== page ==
DownsizeDC.org
October 8, 2006
3-Day Work Week
By James Wilson
I'm supposed to review and post these blog entries in a timely manner, but sometimes my brain wanders off somewhere and it doesn't get done. My apologies to you, our readers, and to the esteemed James Wilson, author of the report that follows. I'll try to do better. Honest. -- Perry Willis (Defective Blog Editor) Welcome to the Sept 18-24 edition of Last Week in Congress. Members of Congress don't want to be in Washington right now. They want to go home to prepare for the November elections. That's why Congress had a 3-day work week, spending Tuesday, Wednesday and Thursday ramming bills through so they could a) boast that they "accomplished a lot" and b) spend Friday campaigning. After all, why should they waste time actually reading and debating important bills? There's so much pandering and vote-buying to be done, there's no time to actually represent us. While passing real bills, however, the House also passed several resolutions that, on their own, have no effect. In one, the House expresses its wish that cancer be cured by 2015. Well, I want cancer cured by tomorrow, so I must be more compassionate than your Representative, right? The effect of these useless resolutions is that there was less time to consider real bills. Like the 12-page H.R. 4844, the "Federal Election Integrity Act of 2006." This requires voters to have a photo ID as proof of citizenship, and imposes unfunded mandates on the states to provide such ID's. The feds expect the states to charge a fee for this program, but requires - and reimburses - states to issue ID's to those who can't afford the fee. This is the next step in the REAL ID Act. The feds really, really want everyone in the country to have an ID. And the feds in effect imposed a poll tax. They got around the 24th Amendment because they make sure those who can't afford it can still get an ID and vote. But the non-poor need a photo ID to vote, and are expected to pay a fee to get the photo ID. That's a poll tax. The next bill the House passed was the 27-page S. 418, the "Military Personnel Financial Services Protection Act." This bill apparently "protects" military families from supposedly predatory and dishonest practices of insurance and financial services companies. Imposing even more regulations and paperwork will surely help everyone involved, right? Ri-iiiiiight. Next up was the 34-page H.R. 6094, the laughably-named "Community Protection Act of 2006." As of this writing, no summary of the bill was available, but it looks like it will extend America's anti-terror gulag to aliens suspected of criminal activity or belonging to criminal gangs. A lot of discretion is placed on the Director of Homeland Security, and aliens "awaiting" deportation may find themselves incarcerated in America forever. I understand that illegal immigration is a concern, but must we behave like totalitarian thugs? H.R. 6095, the 11-page "Immigration Law Enforcement Act of 2006" would re-affirm that state and local law enforcement have inherent authority to arrest and detain illegal aliens "for purposes of assisting in the enforcement of U.S. immigration laws." In other words, the feds admit they are a failure at enforcing their own laws and want help. It does appear, however, that border states are happy to oblige. Finally, the House passed H.R. 4830, the 4-page "Border Tunnel Prevention Act of 2006." This law will make it punishable by up to 20 years to build, or permit to be built on your land, a tunnel crossing international boundaries. If you live on the border you had better install vibration detectors on your land to make sure no one is diggering underneath you, otherwise you may soon find yourself trying to tunnel out of prison. The Senate's week was much quieter. It passed H.R. 5684, the 20-page "United States-Oman Free Trade Agreement." When the House passed it in July, I reported it was 51 pages. Did the bill actually get shorter? No, this version, which is apparently the final version, is in much smaller print. As I wrote then,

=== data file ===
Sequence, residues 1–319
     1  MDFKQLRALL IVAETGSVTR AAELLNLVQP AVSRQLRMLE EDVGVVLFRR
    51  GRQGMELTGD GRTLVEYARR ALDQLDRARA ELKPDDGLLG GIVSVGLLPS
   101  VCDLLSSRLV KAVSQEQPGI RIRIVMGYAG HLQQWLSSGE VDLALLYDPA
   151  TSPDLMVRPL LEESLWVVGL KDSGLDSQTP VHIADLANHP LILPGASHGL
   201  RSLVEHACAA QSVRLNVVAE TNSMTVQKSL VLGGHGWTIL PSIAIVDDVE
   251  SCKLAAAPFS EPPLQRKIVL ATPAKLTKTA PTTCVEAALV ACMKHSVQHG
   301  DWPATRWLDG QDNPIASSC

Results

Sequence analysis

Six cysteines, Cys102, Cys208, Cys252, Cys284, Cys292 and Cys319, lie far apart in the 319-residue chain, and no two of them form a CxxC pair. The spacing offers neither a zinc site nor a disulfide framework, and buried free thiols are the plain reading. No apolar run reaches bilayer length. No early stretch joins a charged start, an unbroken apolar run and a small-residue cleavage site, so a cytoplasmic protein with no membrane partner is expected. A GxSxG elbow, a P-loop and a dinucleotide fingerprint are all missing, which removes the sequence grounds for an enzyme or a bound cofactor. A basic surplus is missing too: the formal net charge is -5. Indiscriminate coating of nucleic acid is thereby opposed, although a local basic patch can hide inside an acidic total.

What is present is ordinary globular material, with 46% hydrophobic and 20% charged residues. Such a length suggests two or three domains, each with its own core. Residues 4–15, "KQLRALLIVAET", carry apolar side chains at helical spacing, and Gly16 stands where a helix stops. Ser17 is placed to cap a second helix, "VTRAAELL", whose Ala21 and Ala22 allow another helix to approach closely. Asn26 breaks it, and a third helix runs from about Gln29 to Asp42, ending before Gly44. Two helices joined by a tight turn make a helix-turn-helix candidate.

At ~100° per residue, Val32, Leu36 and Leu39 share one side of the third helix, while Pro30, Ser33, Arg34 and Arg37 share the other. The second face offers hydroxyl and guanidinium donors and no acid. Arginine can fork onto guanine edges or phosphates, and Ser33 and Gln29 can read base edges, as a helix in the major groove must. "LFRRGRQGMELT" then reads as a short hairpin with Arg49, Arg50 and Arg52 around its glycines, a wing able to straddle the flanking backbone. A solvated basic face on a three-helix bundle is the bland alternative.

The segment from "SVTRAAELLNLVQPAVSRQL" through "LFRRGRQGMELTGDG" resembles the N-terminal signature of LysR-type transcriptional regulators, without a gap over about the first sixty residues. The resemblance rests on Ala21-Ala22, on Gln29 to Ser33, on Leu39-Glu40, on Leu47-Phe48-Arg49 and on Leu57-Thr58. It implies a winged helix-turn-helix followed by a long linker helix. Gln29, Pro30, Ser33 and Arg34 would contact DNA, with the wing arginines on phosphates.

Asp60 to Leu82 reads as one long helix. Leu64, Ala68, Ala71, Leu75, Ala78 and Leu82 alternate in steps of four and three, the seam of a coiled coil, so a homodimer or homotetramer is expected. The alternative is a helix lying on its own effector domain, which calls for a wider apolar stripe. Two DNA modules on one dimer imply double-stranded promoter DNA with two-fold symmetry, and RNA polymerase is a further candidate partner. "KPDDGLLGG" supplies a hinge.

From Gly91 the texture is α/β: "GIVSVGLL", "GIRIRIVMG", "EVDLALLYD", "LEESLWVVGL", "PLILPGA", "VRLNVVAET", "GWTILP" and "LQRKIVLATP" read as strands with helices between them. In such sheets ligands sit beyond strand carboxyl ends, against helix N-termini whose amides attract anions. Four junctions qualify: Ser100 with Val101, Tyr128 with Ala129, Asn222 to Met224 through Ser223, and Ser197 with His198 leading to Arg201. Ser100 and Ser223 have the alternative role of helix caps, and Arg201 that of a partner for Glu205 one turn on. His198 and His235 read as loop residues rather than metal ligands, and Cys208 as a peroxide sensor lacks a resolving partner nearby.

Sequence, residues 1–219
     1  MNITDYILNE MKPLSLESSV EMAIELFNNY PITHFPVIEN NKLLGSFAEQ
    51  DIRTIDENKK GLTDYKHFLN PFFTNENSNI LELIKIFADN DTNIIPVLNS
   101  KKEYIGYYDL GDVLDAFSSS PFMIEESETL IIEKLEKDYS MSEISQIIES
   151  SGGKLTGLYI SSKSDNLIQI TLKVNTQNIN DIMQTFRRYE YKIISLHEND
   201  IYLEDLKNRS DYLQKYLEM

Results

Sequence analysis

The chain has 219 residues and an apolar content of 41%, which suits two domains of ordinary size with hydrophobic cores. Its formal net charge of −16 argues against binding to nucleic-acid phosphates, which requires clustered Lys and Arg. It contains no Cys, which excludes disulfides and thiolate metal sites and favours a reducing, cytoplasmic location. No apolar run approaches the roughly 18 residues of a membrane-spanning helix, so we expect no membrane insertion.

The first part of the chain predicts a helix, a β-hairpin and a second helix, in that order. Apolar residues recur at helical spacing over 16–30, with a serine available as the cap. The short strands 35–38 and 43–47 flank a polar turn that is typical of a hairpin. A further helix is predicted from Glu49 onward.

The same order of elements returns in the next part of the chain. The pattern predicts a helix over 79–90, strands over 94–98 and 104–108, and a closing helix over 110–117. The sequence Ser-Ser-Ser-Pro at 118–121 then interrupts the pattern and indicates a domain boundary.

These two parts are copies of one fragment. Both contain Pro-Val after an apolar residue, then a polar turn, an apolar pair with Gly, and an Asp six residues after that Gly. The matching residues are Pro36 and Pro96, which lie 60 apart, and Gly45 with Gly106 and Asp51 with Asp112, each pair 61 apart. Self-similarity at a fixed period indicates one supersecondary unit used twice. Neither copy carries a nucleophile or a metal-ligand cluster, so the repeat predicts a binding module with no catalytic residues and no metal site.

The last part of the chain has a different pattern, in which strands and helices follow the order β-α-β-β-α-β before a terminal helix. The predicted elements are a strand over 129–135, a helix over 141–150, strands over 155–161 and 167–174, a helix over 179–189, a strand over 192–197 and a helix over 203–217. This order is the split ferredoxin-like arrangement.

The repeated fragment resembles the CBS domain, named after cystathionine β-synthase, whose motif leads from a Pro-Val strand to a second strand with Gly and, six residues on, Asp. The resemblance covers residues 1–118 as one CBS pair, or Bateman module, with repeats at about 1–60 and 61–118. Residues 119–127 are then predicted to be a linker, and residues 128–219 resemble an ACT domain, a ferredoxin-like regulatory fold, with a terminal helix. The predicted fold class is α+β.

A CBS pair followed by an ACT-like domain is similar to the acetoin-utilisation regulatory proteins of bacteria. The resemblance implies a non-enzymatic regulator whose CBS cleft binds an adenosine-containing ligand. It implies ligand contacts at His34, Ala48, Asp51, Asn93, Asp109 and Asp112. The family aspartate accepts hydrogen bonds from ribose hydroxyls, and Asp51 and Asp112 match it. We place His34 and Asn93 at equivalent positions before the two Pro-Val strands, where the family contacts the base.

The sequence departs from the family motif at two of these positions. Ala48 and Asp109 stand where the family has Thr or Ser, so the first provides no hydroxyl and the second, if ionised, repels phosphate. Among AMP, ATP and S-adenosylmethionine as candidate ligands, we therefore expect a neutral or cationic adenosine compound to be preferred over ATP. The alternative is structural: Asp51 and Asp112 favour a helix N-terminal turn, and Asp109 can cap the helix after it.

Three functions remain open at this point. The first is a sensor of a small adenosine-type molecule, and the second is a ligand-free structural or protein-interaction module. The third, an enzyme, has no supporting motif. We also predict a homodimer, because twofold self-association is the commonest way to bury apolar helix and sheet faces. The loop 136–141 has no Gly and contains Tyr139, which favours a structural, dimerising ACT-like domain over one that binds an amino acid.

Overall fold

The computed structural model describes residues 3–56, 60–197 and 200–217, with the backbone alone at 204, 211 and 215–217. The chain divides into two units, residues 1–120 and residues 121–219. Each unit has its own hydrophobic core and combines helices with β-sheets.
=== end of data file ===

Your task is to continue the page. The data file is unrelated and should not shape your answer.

Oman is a dictatorship east of Saudi Arabia. We prefer real free trade, or at most uniform restrictions and (low) tariffs for all products from all countries. We don’t need pages of regulations, nor should we burden our country with obligations to another. Still, if this Agreement means fewer regulations and lower tariffs than we had previously with Oman, it might be an improvement.
So that's 20 pages of bills passed in the Senate, and 88 for the House. In terms of pages, that's not so bad - none of the bills are particularly long. But the importance of much of it - new standards for voting, subjecting aliens to indefinite imprisonment - called for much more deliberation and debate than was given. To see the specific bills and resolutions mentioned above, or to see how specific members of Congress voted, click here for the House and here for the Senate. Roll calls are listed in reverse chronological order. To find the number of pages of a bill, we use the GPO PDF Display of the bill’s text.
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